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Published March 14, 2011, 04:35 AM

Crop insurance costs expected to double, but agreement renegotiations may yield savings

WASHINGTON — The government’s cost of insuring increasingly valuable crops could double this year to about $9 billion, but the amount of savings from the Obama administration’s renegotiation of the agreement with crop insurance companies also may be more than twice than what was expected, key industry leaders said March 8.

By: Jerry Hagstrom, Special to Agweek

WASHINGTON — The government’s cost of insuring increasingly valuable crops could double this year to about $9 billion, but the amount of savings from the Obama administration’s renegotiation of the agreement with crop insurance companies also may be more than twice than what was expected, key industry leaders said March 8.

Record-high commodity prices, volatility and a 10 million-acre increase in planted acres all are causing the cost of insuring crops to rise, according to the National Crop Insurance Services, an industry-sponsored research group that announced the figures in a telephone news conference.

“It is important that policy officials understand the relationship between a higher value of U.S. agricultural production and increased cost exposure of the crop insurance program,” said Tom Zacharias, NCIS president. “Insurance protects the value of the underlying asset, and when higher prices increase the value of the asset, the risk of having to pay higher indemnities goes up. Thus, policy officials should be prepared —and not think something is wrong with the program — if program costs turn out higher this year.”

But the costs could cause Congress to think twice during the 2012 farm bill debate as lawmakers try to figure out what farm programs are the most important to keep and protect while they look to cut the deficit.

The increased cost of crop insurance — designed to go up when crop prices go up — is in dramatic contrast to the cost of price-related direct farm subsidies, which go down when prices go up, noted Keith Collins, a former USDA chief economist and crop insurance board chairman who is a NCIS consultant.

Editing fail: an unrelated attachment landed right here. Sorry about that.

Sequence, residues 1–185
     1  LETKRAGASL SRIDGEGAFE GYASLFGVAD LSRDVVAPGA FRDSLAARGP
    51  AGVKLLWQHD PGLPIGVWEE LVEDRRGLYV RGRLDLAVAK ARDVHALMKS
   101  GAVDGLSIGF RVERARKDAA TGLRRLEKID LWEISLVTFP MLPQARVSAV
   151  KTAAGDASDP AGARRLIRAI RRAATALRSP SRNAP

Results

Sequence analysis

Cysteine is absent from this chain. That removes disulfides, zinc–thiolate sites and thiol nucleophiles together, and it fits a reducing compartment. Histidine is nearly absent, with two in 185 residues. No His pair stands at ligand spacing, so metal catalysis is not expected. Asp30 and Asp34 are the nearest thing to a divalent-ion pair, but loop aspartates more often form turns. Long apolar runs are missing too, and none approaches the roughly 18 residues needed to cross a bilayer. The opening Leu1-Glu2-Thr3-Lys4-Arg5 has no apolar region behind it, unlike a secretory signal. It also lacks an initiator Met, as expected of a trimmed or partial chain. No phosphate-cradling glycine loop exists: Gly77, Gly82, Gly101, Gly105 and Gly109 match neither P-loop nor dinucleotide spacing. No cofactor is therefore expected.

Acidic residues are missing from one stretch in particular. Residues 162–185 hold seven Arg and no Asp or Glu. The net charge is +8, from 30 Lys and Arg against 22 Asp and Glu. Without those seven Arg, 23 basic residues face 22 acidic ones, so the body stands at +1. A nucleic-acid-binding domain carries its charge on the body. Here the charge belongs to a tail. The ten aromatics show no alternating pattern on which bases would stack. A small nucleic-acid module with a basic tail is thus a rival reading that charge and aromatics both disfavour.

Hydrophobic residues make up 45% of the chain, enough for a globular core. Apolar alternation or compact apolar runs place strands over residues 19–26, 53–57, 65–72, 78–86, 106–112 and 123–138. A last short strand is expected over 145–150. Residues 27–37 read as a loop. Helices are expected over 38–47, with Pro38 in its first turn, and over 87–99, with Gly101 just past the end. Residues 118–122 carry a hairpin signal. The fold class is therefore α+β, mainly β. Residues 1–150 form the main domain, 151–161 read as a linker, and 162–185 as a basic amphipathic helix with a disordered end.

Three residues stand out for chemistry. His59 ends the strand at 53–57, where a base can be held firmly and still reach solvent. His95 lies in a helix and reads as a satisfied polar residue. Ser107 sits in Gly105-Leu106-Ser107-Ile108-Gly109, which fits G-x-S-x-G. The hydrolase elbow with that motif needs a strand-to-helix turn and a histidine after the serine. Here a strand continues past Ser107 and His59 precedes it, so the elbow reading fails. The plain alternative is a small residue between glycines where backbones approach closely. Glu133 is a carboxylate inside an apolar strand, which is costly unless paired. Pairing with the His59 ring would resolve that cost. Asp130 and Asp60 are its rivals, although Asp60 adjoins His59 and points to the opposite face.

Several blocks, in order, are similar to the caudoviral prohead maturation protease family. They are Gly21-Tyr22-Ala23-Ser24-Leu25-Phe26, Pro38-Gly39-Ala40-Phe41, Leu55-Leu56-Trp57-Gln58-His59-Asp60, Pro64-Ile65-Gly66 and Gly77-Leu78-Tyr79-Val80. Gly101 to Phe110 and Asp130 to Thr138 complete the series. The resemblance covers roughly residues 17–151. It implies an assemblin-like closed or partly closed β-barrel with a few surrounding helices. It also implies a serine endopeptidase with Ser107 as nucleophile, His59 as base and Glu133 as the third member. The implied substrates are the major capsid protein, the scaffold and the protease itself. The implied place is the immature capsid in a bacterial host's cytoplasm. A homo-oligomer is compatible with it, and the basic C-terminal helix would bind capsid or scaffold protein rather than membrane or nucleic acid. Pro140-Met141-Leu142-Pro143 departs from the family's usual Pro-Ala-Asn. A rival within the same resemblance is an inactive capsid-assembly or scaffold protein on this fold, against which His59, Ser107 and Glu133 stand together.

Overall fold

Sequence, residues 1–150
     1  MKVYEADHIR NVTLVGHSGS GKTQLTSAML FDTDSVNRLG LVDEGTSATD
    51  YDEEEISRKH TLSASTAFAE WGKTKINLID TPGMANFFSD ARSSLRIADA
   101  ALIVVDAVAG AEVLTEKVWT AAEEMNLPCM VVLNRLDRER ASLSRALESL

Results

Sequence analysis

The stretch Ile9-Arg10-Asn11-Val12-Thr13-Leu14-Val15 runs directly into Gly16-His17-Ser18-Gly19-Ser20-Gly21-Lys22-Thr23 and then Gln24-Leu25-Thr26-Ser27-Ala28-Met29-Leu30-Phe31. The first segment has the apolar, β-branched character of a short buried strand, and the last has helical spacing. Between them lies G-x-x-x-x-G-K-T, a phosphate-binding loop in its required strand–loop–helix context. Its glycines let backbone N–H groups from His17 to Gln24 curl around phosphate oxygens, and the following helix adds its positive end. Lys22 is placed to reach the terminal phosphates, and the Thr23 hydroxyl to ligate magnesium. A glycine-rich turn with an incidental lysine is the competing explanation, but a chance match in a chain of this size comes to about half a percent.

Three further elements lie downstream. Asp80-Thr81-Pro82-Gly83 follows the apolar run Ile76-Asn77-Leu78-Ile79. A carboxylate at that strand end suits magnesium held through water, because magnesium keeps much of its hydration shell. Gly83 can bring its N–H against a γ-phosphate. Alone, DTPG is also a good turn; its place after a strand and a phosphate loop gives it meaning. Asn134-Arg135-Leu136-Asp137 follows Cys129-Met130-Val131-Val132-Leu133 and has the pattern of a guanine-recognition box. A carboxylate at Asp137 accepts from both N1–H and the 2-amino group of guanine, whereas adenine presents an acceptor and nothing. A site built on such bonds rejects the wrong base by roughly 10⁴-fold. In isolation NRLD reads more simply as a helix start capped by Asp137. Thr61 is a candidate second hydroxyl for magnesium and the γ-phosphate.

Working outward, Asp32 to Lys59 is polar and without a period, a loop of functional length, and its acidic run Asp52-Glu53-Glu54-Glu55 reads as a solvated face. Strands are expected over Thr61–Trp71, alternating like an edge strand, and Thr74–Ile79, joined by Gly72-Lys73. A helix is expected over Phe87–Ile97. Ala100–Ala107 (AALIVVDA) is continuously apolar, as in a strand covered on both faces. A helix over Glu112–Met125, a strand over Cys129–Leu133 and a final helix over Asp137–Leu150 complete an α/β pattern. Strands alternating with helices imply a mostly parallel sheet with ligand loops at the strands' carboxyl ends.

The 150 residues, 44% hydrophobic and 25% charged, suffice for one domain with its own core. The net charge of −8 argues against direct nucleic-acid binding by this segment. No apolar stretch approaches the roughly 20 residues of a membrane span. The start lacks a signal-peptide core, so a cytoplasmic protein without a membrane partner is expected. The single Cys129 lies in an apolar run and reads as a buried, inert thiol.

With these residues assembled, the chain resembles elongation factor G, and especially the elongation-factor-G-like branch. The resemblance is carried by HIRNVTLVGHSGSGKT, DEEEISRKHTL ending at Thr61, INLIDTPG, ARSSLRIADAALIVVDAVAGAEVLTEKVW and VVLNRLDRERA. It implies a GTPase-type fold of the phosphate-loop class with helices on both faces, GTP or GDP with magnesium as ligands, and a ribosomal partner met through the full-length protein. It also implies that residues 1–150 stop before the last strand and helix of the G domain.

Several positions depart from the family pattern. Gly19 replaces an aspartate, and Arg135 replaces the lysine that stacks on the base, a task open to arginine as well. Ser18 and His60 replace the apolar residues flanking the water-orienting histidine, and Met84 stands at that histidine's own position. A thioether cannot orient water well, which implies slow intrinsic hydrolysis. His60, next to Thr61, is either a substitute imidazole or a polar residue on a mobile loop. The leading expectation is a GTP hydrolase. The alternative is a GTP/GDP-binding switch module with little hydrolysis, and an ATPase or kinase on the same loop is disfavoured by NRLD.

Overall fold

“The asset you are insuring goes up, the risk exposure goes up,” Collins said.

Payment cap

The costs would be even higher if the Obama administration had not put a cap on the administrative and operating expense payments to insurance companies when it negotiated a new standard reinsurance agreement with them last year.

If the old agreement had been in place, the cost of those payments would have followed the rise in insurance premiums and totaled $2 billion, industry officials said. The agreement caps the payments at $1.3 billion, which means a savings of $700 million. When USDA’s Risk Management Agency negotiated the new agreement, it estimated that the savings would be $6 billion in 10 years and $335 million in 2011.

A spokeswoman for RMA Administrator Bill Murphy said the agency was unwilling to confirm the industry figures. The closing date for insurance sales for 80 percent of U.S. crops is March 15.

“It is too early to judge exactly how farmers will respond to how today’s commodity prices and volatility factors have affected premium rates for 2011 spring crops,” said Shirley Pugh, the spokeswoman. “None of the savings would have been possible if the Obama administration and the companies had not negotiated (the new agreement) in good faith.”